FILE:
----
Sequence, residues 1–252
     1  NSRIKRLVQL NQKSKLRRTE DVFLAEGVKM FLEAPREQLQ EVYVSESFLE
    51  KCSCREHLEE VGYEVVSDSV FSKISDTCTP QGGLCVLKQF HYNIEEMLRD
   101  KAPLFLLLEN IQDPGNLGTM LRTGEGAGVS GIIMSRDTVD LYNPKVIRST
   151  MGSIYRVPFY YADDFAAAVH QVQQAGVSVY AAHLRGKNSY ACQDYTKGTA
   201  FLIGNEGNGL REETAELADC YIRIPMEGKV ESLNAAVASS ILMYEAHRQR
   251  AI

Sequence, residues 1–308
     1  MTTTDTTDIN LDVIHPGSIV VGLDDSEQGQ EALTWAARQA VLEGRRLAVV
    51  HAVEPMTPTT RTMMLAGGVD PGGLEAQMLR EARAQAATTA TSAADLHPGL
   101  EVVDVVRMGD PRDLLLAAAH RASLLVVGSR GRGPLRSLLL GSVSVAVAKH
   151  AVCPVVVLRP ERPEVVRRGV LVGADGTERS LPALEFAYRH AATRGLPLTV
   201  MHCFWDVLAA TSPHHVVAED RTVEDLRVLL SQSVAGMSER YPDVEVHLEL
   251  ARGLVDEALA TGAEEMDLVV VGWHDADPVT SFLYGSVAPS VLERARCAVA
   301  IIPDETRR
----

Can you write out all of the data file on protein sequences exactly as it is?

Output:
Sequence, residues 1–252
     1  NSRIKRLVQL NQKSKLRRTE DVFLAEGVKM FLEAPREQLQ EVYVSESFLE
    51  KCSCREHLEE VGYEVVSDSV FSKISDTCTP QGGLCVLKQF HYNIEEMLRD
   101  KAPLFLLLEN IQDPGNLGTM LRTGEGAGVS GIIMSRDTVD LYNPKVIRST
   151  MGSIYRVPFY YADDFAAAVH QVQQAGVSVY AAHLRGKNSY ACQDYTKGTA
   201  FLIGNEGNGL REETAELADC YIRIPMEGKV ESLNAAVASS ILMYEAHRQR
   251  AI

Sequence, residues 1–308
     1  MTTTDTTDIN LDVIHPGSIV VGLDDSEQGQ EALTWAARQA VLEGRRLAVV
    51  HAVEPMTPTT RTMMLAGGVD PGGLEAQMLR EARAQAATTA TSAADLHPGL
   101  EVVDVVRMGD PRDLLLAAAH RASLLVVGSR GRGPLRSLLL GSVSVAVAKH
   151  AVCPVVVLRP ERPEVVRRGV LVGADGTERS LPALEFAYRH AATRGLPLTV
   201  MHCFWDVLAA TSPHHVVAED RTVEDLRVLL SQSVAGMSER YPDVEVHLEL
   251  ARGLVDEALA TGAEEMDLVV VGWHDADPVT SFLYGSVAPS VLERARCAVA
   301  IIPDETRR